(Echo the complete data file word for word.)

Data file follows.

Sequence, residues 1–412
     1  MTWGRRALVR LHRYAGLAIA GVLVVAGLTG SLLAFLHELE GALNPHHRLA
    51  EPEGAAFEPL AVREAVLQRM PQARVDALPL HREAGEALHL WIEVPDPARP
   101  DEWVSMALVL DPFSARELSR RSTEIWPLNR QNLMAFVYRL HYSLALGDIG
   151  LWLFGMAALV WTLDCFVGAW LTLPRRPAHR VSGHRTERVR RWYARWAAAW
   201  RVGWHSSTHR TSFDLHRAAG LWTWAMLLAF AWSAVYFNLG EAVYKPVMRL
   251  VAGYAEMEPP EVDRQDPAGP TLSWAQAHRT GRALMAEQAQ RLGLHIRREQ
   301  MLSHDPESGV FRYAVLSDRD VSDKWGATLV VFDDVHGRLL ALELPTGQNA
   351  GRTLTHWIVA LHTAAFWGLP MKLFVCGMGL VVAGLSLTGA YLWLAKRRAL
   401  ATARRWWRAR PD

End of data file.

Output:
Sequence, residues 1–412
     1  MTWGRRALVR LHRYAGLAIA GVLVVAGLTG SLLAFLHELE GALNPHHRLA
    51  EPEGAAFEPL AVREAVLQRM PQARVDALPL HREAGEALHL WIEVPDPARP
   101  DEWVSMALVL DPFSARELSR RSTEIWPLNR QNLMAFVYRL HYSLALGDIG
   151  LWLFGMAALV WTLDCFVGAW LTLPRRPAHR VSGHRTERVR RWYARWAAAW
   201  RVGWHSSTHR TSFDLHRAAG LWTWAMLLAF AWSAVYFNLG EAVYKPVMRL
   251  VAGYAEMEPP EVDRQDPAGP TLSWAQAHRT GRALMAEQAQ RLGLHIRREQ
   301  MLSHDPESGV FRYAVLSDRD VSDKWGATLV VFDDVHGRLL ALELPTGQNA
   351  GRTLTHWIVA LHTAAFWGLP MKLFVCGMGL VVAGLSLTGA YLWLAKRRAL
   401  ATARRWWRAR PD